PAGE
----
For the second year in a row, Elmira District Secondary School students want girls to know they aren’t alone.
With Girls Night, Grade 12 students Mikayla Cooper, Brielle Dobes and Jordan Shantz are inviting girls from all over the region to have a fun night of empowering young women and making new friends.
Starting at 6 p.m. tonight, Apr. 21, the event has two guest speakers. Fearlessly Girl’s Kate Whitfield is up first with her relatable message of redefining beauty, value and possibilities. Brenda Porter will also be chatting with the young girls in attendance about her Days for Girls organization – a program that provides girls in developing countries with personal hygiene kits so they don’t have to miss school or work during their monthly cycles.
The idea for Girls Night came from the three students attending the Ontario Student Leadership Conference and seeing Whitfield speak. They all knew they wanted to bring her to EDSS, and started working on an evening where girls could come and hear her message.
The first event was a success with Grade 8 girls from around the region coming to check out the school, and learn to be a bit more confident when entering high school. This year, the three organizers are hoping to get more students from different grades to come and hear what the speakers have to say, and hopefully, carry on the tradition.
“The girl world is hard. It really is. We all have these problems and nobody talks about it – it is taboo. You feel like you are alone all the time,” said Cooper. “Then once you start talking about it, you realize that every person in the room understands and has been through the same thing.”
Dobes says it is all about bringing young women together.
“It doesn’t matter what ‘kind’ of girl you are. You all experience the same thing. There is this one level that you can get to where it doesn’t matter what group you are in or what clique you are in. It is everyone’s problems,” she said. “It is a unifying experience. It is girls from Grade 8 to Grade 12. There is no division. Everybody is together.”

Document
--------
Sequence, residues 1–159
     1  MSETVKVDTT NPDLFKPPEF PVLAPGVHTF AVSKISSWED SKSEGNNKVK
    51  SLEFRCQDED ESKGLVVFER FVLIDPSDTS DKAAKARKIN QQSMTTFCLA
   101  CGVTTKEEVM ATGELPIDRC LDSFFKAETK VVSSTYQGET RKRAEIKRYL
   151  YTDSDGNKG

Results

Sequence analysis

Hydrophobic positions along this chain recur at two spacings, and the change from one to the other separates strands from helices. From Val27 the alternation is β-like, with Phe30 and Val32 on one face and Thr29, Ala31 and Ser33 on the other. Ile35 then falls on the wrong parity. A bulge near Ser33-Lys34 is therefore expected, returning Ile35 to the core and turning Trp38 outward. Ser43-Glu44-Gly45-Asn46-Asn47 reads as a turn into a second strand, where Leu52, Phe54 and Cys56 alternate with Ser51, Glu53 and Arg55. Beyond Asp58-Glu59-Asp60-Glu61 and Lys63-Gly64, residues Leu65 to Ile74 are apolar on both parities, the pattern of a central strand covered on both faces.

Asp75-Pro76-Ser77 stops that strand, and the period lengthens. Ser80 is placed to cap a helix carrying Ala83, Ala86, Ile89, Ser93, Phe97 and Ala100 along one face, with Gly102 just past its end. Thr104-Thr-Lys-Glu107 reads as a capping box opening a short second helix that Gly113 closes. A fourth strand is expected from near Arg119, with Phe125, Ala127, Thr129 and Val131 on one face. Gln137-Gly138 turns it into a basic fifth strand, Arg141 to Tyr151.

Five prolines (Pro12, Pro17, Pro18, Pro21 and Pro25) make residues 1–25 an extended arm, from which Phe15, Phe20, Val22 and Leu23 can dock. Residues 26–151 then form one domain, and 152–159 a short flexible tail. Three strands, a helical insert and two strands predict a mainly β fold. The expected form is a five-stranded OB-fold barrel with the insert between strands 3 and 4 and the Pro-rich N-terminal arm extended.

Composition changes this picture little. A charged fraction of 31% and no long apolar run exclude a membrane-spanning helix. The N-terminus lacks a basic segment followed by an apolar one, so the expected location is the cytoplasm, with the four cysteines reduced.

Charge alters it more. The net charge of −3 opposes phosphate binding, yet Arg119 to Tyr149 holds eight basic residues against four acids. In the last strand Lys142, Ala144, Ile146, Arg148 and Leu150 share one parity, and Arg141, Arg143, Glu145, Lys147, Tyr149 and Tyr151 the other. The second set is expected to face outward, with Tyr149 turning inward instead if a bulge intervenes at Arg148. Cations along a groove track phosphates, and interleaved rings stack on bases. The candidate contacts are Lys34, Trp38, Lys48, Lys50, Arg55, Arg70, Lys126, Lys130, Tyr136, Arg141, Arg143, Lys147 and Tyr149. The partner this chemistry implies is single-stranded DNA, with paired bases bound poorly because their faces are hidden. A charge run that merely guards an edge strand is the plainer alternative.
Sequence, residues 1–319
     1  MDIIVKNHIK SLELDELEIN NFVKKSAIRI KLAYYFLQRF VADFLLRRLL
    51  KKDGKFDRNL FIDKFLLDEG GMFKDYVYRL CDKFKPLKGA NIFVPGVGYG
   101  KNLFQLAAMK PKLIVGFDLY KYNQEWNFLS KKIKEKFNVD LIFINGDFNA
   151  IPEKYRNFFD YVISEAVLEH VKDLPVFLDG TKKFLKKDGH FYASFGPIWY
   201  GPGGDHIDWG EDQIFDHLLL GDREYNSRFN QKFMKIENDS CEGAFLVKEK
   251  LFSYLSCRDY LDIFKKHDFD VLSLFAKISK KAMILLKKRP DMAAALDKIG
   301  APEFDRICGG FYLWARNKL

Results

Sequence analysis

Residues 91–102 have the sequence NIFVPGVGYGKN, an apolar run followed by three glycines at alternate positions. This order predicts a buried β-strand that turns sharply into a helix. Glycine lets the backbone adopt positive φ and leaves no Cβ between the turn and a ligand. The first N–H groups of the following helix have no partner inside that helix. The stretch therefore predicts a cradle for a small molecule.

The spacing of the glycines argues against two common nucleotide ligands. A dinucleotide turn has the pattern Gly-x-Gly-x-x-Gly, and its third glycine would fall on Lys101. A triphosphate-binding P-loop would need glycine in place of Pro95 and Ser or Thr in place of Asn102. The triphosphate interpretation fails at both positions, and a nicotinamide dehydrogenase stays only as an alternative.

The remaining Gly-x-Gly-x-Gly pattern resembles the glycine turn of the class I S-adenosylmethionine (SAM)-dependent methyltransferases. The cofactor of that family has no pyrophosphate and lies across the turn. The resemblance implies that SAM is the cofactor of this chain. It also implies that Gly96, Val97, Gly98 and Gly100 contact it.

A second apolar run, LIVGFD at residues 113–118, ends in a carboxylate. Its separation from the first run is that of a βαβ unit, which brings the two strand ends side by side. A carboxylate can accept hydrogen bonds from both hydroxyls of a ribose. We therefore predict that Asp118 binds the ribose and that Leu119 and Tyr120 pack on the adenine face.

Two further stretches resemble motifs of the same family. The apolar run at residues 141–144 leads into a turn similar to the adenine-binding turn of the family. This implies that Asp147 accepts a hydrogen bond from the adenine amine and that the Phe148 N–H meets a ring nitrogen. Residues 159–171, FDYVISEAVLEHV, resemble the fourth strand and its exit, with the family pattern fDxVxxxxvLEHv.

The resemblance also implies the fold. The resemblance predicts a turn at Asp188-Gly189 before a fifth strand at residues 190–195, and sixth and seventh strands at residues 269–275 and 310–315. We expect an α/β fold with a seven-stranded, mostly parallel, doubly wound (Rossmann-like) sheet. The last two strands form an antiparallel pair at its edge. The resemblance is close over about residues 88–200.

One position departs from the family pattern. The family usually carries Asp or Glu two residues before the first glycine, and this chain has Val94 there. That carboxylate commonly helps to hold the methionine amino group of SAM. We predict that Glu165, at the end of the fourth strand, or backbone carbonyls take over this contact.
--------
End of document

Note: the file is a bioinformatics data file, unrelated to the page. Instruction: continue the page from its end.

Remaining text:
Shantz just wants to see girls act a bit nicer towards each other.
“The big message is about feminism, but this event is more focused on being kind to other girls. Focusing less on competition between each other – that is a really big thing with girls,” she said. “I think they focus too much on that and they aren’t as nice to each other. I think it is more about kindness.”
The evening also aims to dispel any myths that surround what it means to be a girl, and the societal stigmas that come attached to that. The message: just be yourself.
“A huge thing for me is the stereotype around girls. As you can see, we are all wearing pink. Me, I don’t really like the colour pink. Mikayla loves pink and people sometimes equate the colour with weakness and it is about going head-on into that stereotype, claiming it and being fearlessly girl,” said Dobes. “If you love pink, wear pink strongly. Don’t throw ‘like a girl.’ Throw as hard as you can. That is what this is supposed to mean. It is diving into the stereotype of girl.”
The evening starts out with the keynote address from Whitfield just after 6 p.m., then a break for some food. Porter will chat about the struggles of girls around the world while attendees eat. The girls will then break off into groups to discuss what they have heard, and share inspirational messages with each other before wrapping up the event at 9 p.m.
It all takes place at EDSS, with doors opening up for 6 p.m. Every girl in Grades 8 to 12 from any school is invited to join.